Tuesday, January 29, 2008


A Dartmouth classmate (and fraternity brother) of mine recently sent me the following observation about traditions and their fleeting permanence:

The "old traditions" move with the times. If you go back and read either The Dartmouth or other written sources about D you'll find that every generation of alumni bewailed the passing of the "old traditions," totally forgetting in the process that they themselves ended a few "old traditions" while they were students. The passing of "old traditions" is the way of human progress. It doesn't mean, of course, that we shouldn't bewail their passing . . . wailing feels good. But let's keep in mind that traditions must change if we want to progress. And when you look at and talk to today's undergraduates, there is no question that Dartmouth has progressed.

Although, emotionally, I agree with these thoughts, I cannot bring my intellect into full concordance. Clearly traditions add color and texture to our life’s experiences and there is surely some value to their persistence. Witness that British jurists still wear their powdered wigs to court. Bavarians still sport lederhosen and slap each other around in their touristy dance. The Japanese spend enormous emotional energy with their tea ceremonies. The examples go on and on. Even at Dartmouth a few traditions still survive – Winter Carnival, the Homecoming bonfire, and the Greek system (despite numerous efforts to kill it). The question then becomes – which traditions deserve to persist? I offer that, if the rationales for a tradition have not been maintained (such as why Dartmouth seniors smoked and then broke their clay pipes at the Bema), then this tradition deserves to die. However, I also conclude that the maintenance of the reasons for such traditions is not the responsibility of the students but of the overseers of these institutions. And, if these powers have not continued to educate and explain the backing for any tradition, then they are culpable of lassitude or PC thinking aimed at killing such traditions. And as a consequence they are also guilty of devaluing the transcendental worth of said institutions.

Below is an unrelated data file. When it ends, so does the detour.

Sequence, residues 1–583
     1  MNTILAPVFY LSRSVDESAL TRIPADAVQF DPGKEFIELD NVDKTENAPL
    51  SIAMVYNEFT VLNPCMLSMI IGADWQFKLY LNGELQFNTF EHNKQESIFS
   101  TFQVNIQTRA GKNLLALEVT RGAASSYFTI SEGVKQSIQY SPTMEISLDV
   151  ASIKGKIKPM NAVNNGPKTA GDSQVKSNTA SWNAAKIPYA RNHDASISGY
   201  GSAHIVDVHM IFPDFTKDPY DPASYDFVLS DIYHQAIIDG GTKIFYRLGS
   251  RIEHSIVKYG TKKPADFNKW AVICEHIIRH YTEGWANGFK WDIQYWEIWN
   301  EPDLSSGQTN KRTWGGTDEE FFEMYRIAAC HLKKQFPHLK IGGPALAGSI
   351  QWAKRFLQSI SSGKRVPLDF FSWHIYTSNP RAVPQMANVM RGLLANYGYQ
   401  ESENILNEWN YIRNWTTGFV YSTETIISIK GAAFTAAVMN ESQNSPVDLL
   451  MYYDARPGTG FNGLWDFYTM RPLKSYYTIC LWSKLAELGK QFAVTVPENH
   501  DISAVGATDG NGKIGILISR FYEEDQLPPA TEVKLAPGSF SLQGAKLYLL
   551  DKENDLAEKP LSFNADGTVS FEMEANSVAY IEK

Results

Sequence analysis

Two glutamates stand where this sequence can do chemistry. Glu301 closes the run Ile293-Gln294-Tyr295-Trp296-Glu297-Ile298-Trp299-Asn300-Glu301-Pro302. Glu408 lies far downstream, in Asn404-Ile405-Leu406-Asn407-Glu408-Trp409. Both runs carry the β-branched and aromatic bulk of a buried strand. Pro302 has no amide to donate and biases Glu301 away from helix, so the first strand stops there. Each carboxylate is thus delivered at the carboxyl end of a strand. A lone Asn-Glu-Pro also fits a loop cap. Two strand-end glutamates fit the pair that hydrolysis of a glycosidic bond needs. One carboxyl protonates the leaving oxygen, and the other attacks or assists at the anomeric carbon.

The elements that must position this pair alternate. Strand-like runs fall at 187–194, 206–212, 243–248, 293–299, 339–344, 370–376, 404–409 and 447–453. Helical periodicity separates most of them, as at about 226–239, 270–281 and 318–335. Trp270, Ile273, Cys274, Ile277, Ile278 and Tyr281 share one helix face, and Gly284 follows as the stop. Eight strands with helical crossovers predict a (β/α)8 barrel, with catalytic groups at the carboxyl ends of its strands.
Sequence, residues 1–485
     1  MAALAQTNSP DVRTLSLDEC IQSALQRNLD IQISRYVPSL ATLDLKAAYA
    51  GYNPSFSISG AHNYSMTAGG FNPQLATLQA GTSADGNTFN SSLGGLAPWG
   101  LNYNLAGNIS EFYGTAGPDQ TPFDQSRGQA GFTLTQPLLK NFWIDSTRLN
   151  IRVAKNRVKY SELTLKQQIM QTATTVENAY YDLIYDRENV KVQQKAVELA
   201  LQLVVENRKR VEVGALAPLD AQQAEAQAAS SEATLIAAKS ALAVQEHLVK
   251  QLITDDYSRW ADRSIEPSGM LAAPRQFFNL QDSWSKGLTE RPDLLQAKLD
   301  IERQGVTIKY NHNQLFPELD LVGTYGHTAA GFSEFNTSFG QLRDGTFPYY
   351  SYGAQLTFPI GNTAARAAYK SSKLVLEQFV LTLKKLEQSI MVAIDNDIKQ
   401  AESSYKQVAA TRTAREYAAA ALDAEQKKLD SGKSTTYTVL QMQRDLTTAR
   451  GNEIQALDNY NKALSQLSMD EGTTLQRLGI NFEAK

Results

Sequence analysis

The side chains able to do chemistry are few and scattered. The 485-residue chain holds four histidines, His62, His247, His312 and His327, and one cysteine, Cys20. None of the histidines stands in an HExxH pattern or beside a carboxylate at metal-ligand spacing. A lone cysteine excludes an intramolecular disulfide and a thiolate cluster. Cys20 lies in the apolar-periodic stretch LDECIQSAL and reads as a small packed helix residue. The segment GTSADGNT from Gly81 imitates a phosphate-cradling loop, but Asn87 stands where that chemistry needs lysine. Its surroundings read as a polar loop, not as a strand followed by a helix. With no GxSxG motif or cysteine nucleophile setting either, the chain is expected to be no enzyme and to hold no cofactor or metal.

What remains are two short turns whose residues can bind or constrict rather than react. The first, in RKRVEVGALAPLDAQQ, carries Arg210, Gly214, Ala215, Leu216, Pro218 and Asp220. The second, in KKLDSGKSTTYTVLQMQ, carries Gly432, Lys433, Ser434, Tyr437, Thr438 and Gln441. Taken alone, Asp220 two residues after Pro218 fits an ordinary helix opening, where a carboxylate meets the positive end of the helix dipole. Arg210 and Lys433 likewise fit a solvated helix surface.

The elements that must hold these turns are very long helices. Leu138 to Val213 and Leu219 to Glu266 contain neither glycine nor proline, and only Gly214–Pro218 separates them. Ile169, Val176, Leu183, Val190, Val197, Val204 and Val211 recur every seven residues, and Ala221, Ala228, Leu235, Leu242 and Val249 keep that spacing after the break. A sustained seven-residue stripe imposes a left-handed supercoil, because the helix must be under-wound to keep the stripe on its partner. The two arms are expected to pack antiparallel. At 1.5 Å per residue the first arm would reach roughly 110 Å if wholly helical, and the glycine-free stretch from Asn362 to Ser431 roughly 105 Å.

If, as my classmate opines, traditions are will o’ the wisp and come and go with the passing of generations of students, then I suggest that they are not traditions but merely fads. Traditions have been tested with time and deserve to have some lasting power. They need not die to achieve progress. Yes, they may be replaced by traditions of greater worth or meaning, but they should not be sacrificed in an orgy of nihilism. Many traditions will in fact compliment institutional progress such as those that promote social benefits … group cohesion or critical thought or the dispelling of prejudice. They should be encouraged and cherished like an elegant antique.

One last thought about people holding onto the past. It seems strange to me that those who are so ready to throw over old traditions (generally, liberals) are most often the ones who wring their hands when one obscure species of plant or animal may go extinct. Many of these lefties would move heaven and Earth to preserve the snail darter but not lift a finger to hold onto our National Anthem.